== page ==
The European Charter of Local Self-Government
The European Charter of Local Self-Government (ECLSG) lays down standards for protecting the rights of local authorities and requires states which have ratified it to comply with a number of conditions, principles and practices. States undertake to respect a core of basic principles to which no reservation is possible – such as the right of citizens to participate in managing public affairs, the key rights of communities to enjoy autonomy and self-government, elect their local bodies and to have their own structures and financial resources.
States undertake to respect a core of basic principles to which no reservation is possible – such as the right of citizens to participate in managing public affairs, the key rights of communities to enjoy autonomy and self-government, elect their local bodies and to have their own competences, administrative structures and financial resources, or the right of recourse to a court in case of interference from other levels. Through these core principles, the Charter seeks to ensure the compatibility of the diverse structures of local communities in the Council of Europe member states. However, the final aim remains the respect of all of the Charter’s provisions.
Cities and regions vanguard of democracy
The recognition of local democracy by the Council of Europe member states led in 1985 to the adoption of the European Charter of Local Self- Government. This text affirms the role of communities as the first level for the exercise of democracy. It has become the benchmark international treaty in this area.
Rights of communities enshrined in law
The Charter requires that the principle of local self-government be embedded in domestic law and if possible in the Constitution in order to guarantee its effective implementation. It also lays down the principles of democratic functioning of communities.
Guaranteeing the independence of elected representatives
The conditions of office of local elected representatives must ensure that they are able to exercise their functions freely within the limits of local self-government. They must be able to determine their own administrative structures and recruit competent staff.
Resources to match the tasks of communities
The Charter is the first treaty to lay down the principle of the transfer of competences to local communities, which must be accompanied by a transfer of financial resources. This principle, known as the principle of subsidiarity, allows for the decentralisation of power towards the level closest to the citizen.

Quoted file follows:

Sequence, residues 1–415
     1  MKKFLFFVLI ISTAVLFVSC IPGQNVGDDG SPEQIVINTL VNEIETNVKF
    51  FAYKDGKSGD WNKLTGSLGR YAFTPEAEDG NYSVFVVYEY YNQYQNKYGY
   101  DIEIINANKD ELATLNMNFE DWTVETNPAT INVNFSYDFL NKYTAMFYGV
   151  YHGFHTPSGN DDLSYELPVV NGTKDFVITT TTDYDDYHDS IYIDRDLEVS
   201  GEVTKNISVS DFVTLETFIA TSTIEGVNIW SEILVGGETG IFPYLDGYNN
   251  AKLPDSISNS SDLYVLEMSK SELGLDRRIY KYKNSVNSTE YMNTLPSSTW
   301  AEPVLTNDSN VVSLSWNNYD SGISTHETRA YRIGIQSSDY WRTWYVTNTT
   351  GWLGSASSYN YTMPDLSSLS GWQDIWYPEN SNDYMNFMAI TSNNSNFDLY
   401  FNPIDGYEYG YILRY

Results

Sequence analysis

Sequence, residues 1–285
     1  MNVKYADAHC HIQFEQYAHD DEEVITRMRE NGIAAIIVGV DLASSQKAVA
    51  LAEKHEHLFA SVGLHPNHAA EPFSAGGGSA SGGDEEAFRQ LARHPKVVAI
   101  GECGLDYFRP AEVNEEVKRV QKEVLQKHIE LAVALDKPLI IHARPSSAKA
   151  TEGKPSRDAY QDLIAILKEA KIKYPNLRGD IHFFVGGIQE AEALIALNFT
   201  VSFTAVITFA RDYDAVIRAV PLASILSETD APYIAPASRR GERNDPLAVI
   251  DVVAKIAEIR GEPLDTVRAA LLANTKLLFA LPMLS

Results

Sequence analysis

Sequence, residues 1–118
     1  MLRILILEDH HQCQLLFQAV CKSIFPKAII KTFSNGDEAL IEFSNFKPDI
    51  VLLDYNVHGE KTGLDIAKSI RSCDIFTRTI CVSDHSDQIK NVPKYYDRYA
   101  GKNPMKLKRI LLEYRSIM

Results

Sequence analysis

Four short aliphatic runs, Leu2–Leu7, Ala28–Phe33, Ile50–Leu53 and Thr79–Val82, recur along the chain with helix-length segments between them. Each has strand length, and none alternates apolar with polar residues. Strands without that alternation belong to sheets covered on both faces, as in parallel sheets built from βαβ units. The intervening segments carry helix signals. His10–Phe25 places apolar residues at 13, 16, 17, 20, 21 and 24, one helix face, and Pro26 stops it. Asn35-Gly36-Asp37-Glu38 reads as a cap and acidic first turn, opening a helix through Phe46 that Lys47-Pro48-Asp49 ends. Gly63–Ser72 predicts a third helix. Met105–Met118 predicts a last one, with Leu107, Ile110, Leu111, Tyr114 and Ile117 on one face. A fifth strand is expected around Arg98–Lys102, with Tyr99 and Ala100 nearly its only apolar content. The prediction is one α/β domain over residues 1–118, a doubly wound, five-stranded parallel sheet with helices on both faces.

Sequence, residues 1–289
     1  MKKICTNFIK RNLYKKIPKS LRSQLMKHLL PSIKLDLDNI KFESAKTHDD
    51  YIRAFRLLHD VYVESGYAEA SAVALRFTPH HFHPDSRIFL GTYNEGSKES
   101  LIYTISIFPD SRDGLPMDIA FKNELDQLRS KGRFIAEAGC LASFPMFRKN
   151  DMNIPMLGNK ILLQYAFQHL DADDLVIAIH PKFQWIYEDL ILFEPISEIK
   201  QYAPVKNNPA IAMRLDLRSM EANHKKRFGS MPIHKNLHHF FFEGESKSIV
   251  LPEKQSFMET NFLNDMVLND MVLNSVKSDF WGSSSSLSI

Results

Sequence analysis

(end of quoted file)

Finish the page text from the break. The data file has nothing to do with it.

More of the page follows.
The Charter, a framework to protect local communities
The Charter establishes a number of safeguards to protect the rights of local communities. For instance, the boundaries cannot be changed without agreement of the community and the supervision of the activities of local authorities must be defined by law, with the possibility of recourse to a court.
The Congress, watchdog of the rights set out in the Charter
The Congress makes sure that these principles are observed through systematic monitoring and regular dialogue with the governments of the Council of Europe member states. This dialogue is crucial to assess the impact and the implementation of the European Charter of Local Self-Government.
A6 - 56 pages - Pdf
A5 - 8 pages - Pdf
A5 - 60 pages - Pdf
Opened for signature on 15 October 1985 and entered into force on 1 September 1988, the Charter is ratified by all 47 Council of Europe member states.
Full text of the European Charter of Local Self-Government available on the website of the Council of EuropeTreaty Office :
Non official translations:
Albanian – Armenian – Azerbaijani – Bosnian – Bulgarian – Croatian – Czech – Dutch – Estonian – Finnish – Georgian – German – Greek – Hungarian – Italian – Latvian – Lithuanian – Moldovan – Norwegian – Polish – Romanian – Russian – Slovak – Slovenian – Spanish – Swedish – Turkish – Ukrainian
The Committee on the Honouring of Obligations and Commitments by member states of the European Charter of Local Self-Government (Monitoring Committee) is responsible for assessing the application of the Charter.